100 years in Cowichan: Stella Fullerton’s story

Stella Ford. (Submitted)
Baby Stella Fullerton in a carriage, 1920. (Submitted)Baby Stella Fullerton in a carriage, 1920. (Submitted)
Stella Fullerton’s class at Duncan Consolidated School in 1929. (Submitted)Stella Fullerton’s class at Duncan Consolidated School in 1929. (Submitted)
The Ford’s in their bathing costumes. Stella Fullerton, then Ford, is in the middle. (Submitted)The Ford’s in their bathing costumes. Stella Fullerton, then Ford, is in the middle. (Submitted)
Stella Ford at school. (Submitted)Stella Ford at school. (Submitted)
Stella Ford all dressed up. (Submitted)Stella Ford all dressed up. (Submitted)
Stella Ford. (Submitted)Stella Ford. (Submitted)

By Joy Davis

Stella Fullerton was born 100 years ago on Oct. 4, 1920, a time far different than the world we live in today.

Stella was born at Kings Daughter’s Hospital in Duncan to Douglas and Doris Ford of Somenos. Stella had an older brother and sister and a younger brother and sister. She was the first child born after her father returned from the First World War. They lived in the midst of their old growth forest acreage on Bell-McKinnon Road which was a portion of the property that Douglas’s father, James Ford, had divided between his family.

The world has seen 100 years of change from a time when, as a child, she shared a bed with her two sisters; rode her bicycle with a pail of milk swinging from her handlebars for delivery to grandparents in Duncan; she rolled a metal hoop along cow paths with a stick; picked lady slippers where the Trans-Canada Highway now passes through and played “Rounders” a type of softball game with a soft rubber ball, and not necessarily a proper bat, as they couldn’t afford such luxuries. She built forts, climbed trees, walked on stilts and played make believe farms with moss and pine cone animals.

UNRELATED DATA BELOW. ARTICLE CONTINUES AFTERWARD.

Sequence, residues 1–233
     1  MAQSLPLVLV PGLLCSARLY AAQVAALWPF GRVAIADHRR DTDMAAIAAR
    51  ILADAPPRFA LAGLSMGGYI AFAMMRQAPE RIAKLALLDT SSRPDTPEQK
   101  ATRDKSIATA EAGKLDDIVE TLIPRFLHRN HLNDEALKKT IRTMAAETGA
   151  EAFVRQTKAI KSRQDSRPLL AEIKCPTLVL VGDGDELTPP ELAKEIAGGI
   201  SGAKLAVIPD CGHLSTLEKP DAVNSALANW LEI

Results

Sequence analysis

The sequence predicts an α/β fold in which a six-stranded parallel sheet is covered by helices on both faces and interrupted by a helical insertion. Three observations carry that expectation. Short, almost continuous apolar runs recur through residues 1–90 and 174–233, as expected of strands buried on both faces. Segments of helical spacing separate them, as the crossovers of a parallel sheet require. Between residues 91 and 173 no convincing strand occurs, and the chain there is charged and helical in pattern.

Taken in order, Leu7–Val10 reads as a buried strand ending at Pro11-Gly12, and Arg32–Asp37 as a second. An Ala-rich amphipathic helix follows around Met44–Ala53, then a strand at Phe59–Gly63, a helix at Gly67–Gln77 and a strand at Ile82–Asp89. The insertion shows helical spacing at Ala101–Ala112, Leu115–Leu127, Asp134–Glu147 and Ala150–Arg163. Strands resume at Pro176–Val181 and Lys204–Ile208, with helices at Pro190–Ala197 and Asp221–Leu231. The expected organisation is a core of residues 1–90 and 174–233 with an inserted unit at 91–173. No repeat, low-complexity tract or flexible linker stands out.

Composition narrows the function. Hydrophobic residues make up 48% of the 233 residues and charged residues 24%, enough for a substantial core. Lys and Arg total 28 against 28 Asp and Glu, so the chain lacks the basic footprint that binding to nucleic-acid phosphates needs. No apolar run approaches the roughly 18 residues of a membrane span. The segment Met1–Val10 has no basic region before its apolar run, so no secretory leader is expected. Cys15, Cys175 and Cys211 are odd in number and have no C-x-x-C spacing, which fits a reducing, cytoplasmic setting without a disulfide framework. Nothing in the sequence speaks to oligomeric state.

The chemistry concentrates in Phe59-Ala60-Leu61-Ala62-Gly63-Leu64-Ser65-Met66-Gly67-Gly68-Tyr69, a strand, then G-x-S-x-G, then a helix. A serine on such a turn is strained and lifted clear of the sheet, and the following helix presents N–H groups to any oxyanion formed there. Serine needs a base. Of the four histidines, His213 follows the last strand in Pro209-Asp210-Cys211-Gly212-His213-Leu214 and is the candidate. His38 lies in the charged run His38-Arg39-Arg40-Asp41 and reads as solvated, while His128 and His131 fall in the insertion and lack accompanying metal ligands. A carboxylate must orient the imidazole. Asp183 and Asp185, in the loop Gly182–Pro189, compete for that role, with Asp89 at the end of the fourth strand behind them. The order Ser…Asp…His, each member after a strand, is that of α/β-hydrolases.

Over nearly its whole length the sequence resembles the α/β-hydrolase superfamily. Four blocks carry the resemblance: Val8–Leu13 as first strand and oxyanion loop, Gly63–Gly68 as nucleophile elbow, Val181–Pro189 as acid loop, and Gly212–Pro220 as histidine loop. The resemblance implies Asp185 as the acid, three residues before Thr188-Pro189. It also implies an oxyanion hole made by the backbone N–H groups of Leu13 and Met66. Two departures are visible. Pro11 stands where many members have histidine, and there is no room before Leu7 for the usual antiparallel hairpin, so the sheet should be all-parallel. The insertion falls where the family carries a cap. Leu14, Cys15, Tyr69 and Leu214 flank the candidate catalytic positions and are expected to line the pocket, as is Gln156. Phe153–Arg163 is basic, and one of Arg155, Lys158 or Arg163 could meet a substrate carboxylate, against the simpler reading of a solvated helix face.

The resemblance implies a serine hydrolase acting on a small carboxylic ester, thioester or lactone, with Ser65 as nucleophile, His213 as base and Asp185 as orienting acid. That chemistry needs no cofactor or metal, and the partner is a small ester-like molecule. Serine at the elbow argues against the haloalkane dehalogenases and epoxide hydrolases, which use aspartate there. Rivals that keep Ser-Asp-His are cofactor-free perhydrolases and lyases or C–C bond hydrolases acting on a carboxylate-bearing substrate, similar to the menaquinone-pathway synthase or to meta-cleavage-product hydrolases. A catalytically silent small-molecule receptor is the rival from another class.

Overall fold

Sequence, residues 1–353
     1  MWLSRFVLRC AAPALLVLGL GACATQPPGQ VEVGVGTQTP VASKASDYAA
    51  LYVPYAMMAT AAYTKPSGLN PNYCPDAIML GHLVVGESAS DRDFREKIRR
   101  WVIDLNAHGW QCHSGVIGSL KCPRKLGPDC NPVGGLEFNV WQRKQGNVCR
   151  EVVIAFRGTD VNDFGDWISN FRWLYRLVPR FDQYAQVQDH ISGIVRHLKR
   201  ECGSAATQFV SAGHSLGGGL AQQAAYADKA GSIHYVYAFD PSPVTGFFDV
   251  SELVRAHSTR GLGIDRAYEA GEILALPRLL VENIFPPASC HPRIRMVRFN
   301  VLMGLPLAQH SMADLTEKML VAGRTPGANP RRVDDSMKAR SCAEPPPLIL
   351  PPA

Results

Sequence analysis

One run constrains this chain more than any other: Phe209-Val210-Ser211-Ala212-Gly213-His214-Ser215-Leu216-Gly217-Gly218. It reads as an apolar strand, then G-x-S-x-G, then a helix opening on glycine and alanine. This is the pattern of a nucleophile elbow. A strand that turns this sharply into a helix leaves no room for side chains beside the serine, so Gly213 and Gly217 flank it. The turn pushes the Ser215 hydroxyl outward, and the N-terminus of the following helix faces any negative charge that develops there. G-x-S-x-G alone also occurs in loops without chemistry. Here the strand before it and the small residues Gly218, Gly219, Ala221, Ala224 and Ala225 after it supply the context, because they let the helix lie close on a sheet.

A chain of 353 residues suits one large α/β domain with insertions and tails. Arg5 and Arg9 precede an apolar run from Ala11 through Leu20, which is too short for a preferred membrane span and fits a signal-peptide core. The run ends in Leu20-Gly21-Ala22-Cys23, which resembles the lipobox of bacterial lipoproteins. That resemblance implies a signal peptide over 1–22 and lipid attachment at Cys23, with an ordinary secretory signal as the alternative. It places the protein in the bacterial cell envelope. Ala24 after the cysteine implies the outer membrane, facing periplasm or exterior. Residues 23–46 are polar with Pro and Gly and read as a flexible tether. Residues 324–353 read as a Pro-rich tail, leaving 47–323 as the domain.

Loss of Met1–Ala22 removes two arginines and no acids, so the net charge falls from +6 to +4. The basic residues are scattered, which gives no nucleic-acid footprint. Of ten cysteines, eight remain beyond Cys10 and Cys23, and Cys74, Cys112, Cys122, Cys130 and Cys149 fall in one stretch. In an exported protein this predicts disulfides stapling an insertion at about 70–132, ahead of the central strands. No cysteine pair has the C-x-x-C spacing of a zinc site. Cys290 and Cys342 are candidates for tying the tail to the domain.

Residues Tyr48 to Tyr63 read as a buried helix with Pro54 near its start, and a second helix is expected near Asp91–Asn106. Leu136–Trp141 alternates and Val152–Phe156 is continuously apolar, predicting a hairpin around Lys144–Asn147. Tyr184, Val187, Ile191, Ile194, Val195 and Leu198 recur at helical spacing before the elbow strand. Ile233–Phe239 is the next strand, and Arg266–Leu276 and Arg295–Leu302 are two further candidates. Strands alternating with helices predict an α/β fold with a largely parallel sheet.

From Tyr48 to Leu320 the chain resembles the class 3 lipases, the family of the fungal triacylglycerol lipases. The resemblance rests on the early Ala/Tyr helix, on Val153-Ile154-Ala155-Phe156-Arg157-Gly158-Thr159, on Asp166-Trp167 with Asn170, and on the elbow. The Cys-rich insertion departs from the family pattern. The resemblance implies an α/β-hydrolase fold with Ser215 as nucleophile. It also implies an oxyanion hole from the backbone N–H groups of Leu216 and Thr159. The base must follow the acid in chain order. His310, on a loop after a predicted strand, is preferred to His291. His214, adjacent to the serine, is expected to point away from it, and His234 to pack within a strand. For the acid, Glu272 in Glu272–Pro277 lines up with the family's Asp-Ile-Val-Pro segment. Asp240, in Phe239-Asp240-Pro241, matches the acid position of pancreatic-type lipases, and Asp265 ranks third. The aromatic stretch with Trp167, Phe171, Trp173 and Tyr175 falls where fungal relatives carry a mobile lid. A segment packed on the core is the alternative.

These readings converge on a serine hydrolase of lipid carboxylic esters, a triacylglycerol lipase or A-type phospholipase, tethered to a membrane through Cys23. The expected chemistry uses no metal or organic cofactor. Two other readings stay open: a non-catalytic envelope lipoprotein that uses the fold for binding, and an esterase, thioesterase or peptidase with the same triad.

Young Stella rode the school bus from “Ford’s Corner,” at Norcross and Bell-McKinnon, to Duncan Primary School and Consolidated School (Duncan Elementary). One school bus had wooden benches down either side, another bus had four or five doors on the side, each door opening up to a forward-facing bench seat. The buses were not much wider than a car but eventually those buses were replaced with old Nanaimo coach buses. Girls entered the school on the south side, boys from the north side; inside they were in combined classes. The boys and girls played on opposite sides of the schoolyard. Girls played hopscotch and jacks, boys played marbles and conkers. Stella was called Tin Lizzie, a nickname for a Model T Ford, by some schoolboys. Stella fondly remembers dancing around the May Pole in a pink organdy dress.

This was life as Stella knew it.

Stella was 12 years old when their first telephone was installed in the home requiring five telephone poles to be erected. Their telephone number was 201R3 and was a shared party line with other homes. Each home had a different ring sound, but others could pick up the phone and listen in, even when it wasn’t their ring. There were at least three different rings.